Two words are used for repentance in the Old Testament. The Evangelical Dictionary of Theology2 states that the Hebrew word niham is used thirty-five times. It is usually used to signify a contemplated change in God’s dealings with men for good or ill according to his just judgment. (“It repenteth me that I have made them,” Genesis 6:7; 1 Samuel 15:11, 35; Jonah 3:9-10). Only in five places does niham refer to human repentance or relenting. Teshuvah is the other word referring to repentance: a true turning toward God. It also means “recover,” “refresh,” “restore,” “convert,” “return,” “reverse,” or “turn again.” It indicates a return to God and the right path (cf. Hosea 14:2; 2 Kings 17:13; Jeremiah 13:14; and Joel 2:12-13). The Rabbis have a saying for teshuvah: “Great is ‘teshuvah,’ for it brings healing to the world. Great is ‘teshuvah,’ for it reaches to the throne of God. Great is ‘teshuvah,’ it brings redemption near. Great is ‘teshuvah,’ for it lengthens a man’s life.”3 This rabbinic saying probably has its roots in Deuteronomy 30:9-10, which gives us the essence of the doctrine of repentance in the Old Testament: “And the Lord thy God will make thee plenteous in every work of thine hand, in the fruit of thy body, and in the fruit of thy cattle, and in the fruit of thy land, for good: for the Lord will again rejoice over thee for good, as he rejoiced over thy fathers: If thou shalt hearken unto the voice of the Lord thy God, to keep his commandments and his statutes which are written in this book of the law, and if thou turn unto the Lord thy God with all thine heart, and with all thy soul.” This seems to indicate that God is unfailingly responsive to repentance, thereby indicating the depth of it; for as we become ever closer to the mind of God we not only automatically bless ourselves but are blessed by God who responds to our “change of mind.” Otherwise, “my thoughts are not your thoughts, neither are your ways my ways, saith the Lord” (Isaiah 55:8-9). How can we know the ways of the Lord unless we do those things that help us to that end? David the Psalmist also recognizes that repentance is a change of thinking: “Create in me a clean heart, O God; and renew a right spirit within me” (Psalm 51:10-11). Two final examples from the Old Testament: “Keep thy heart with all diligence; for out of it are the issues of life” (Proverb 4:23), and “As a man thinketh in his heart, so is he” (Proverb 23:7).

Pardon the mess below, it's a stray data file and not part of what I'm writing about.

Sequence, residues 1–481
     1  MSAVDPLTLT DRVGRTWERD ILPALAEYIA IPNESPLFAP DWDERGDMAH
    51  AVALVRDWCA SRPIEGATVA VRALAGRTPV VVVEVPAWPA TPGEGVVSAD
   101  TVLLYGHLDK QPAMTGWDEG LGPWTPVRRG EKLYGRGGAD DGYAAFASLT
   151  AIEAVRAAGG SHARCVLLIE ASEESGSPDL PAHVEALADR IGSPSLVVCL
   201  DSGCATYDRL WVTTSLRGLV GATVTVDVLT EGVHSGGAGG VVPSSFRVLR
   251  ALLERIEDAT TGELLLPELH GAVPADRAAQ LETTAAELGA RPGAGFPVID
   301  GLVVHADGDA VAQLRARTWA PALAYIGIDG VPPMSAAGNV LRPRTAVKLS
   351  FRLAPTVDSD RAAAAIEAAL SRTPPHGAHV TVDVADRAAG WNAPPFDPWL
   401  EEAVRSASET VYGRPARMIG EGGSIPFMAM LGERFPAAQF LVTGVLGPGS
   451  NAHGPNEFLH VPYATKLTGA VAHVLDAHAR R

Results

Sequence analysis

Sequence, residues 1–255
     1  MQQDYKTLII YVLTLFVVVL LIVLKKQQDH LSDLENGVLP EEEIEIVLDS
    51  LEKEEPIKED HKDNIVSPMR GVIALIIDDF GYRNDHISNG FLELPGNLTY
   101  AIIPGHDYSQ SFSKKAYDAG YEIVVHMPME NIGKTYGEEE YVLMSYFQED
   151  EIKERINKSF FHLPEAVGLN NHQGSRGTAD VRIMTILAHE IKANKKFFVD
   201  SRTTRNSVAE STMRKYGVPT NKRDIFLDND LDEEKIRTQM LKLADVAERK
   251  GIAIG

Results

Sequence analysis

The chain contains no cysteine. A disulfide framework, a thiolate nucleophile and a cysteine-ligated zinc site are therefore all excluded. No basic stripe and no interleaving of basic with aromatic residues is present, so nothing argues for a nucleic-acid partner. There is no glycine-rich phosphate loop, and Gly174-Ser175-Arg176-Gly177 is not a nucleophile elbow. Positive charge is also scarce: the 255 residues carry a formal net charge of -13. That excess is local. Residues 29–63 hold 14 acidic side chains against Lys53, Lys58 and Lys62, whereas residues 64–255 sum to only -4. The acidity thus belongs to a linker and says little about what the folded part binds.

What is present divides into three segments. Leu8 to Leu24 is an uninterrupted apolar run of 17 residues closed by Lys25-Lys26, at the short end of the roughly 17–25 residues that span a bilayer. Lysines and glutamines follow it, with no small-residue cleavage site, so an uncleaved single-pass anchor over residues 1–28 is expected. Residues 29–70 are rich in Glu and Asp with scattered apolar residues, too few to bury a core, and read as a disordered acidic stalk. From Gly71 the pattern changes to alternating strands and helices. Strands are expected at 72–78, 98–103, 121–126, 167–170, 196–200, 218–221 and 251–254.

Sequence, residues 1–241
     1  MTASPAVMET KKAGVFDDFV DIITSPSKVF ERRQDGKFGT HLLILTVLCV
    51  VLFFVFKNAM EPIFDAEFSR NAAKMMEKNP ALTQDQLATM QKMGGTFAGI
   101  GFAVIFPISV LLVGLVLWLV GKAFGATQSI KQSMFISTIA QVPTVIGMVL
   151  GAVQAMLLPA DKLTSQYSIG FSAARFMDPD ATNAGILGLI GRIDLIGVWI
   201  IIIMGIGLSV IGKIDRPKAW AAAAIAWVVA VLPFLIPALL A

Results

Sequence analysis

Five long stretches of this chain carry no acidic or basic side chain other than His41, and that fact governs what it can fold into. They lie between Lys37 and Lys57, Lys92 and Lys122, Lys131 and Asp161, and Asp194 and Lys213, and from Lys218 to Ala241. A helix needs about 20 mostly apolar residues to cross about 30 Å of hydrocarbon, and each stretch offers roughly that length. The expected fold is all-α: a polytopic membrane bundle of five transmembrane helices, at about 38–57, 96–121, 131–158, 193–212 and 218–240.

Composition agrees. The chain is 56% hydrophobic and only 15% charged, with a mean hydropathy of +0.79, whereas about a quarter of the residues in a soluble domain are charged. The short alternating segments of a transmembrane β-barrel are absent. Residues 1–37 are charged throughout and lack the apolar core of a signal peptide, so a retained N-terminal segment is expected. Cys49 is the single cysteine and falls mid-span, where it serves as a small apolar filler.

The New Testament on Repentance
The most common Greek words used in the New Testament for “repentance” are metanoeo (the verb), metanoia (the noun), and metamelomai (the present participle). These Greek words usually mean not merely feeling sorry, or changing one’s mind, but a complete alteration of the basic motivation and direction of one’s life. This explains why John the Baptist demanded baptism as an expression of this repentance, not just for obvious “sinners,” but for the “righteous” Jews as well. Metanoia was often used in the Septuagint to translate the Hebrew niham. So defined, repentance might seem purely intellectual, but this is not the case, for writers of the Bible seemed to be aware of the unity of human personality. To change one’s mind was to change one’s attitude, and thus to change the actions and even the whole way of life.4 Metanoeo occurs thirty-four times and is mostly used in a favorable sense to include faith. Metanoia is used twenty-three times in the sense of the whole process of change. It can mean an inward change of mind, affections, and convictions as well as a commitment rooted in the fear of God and sorrow for offenses committed against him. When accompanied by faith in Jesus Christ, this repentance results in an outward turning from sin to God and his service in all of life. It is a gift from God, and the repentant person never regrets having repented.5 The Roman Catholic Douai version of the Bible interprets metanoia as penance, the performance of ecclesiastically prescribed acts to make satisfaction for postbaptismal sin. According to The New International Dictionary of the Christian Church, this use of the word has no place in New Testament Christianity.6 Metamelomai is used very seldom and means “regretting” or “having remorse.”
If the use of repentance is both God’s gift and man’s responsibility, then the call for repentance on the part of man “is a call for him to return to his creaturely and covenant dependence on God.”7 It should be clear to all of us that it is God’s way that is important, not ours. Paul said it best in Romans 8:6: “Set your minds on things which are above, where God and Christ dwell, for to be carnally minded is death, but to be spiritually minded is life eternal.” God encouraged the Saints, after they had forgotten or erased undesirable thoughts and attitudes and things which were behind, to plant good thoughts in their place, as in Philippians 3:13-14 (or Article of Faith 13): “But this one thing I do, forgetting those things which are behind, and reaching forth unto those things which are before, I press toward the mark for the prize of the high calling of God in Christ.” Paul must have experienced repentance in a big way, for prior to his conversion on the road to Damascus he was sure that he was doing the will of the Lord. However, after the Lord had set him straight, he began to change his mind—and heart—about a lot of things, becoming himself renewed in the spirit of his mind, as he later exhorted the Saints in Ephesians 4:17-24. Or as in Romans 12:2: “And be not conformed to this world: but be ye transformed by the renewing of your mind, that ye may prove what is that good, and acceptable, and perfect, will of God.” The exhortation of Jesus Christ to “Be ye therefore perfect” (Matthew 5:48) could only be preceded by a change of mind and understanding opened to the things of the Spirit. Otherwise perfection would be impossible both in this world and the next. As it is, “If any man be in Christ, he is a new creature; old things are passed away; behold all things are become new” (2 Corinthians 5:17).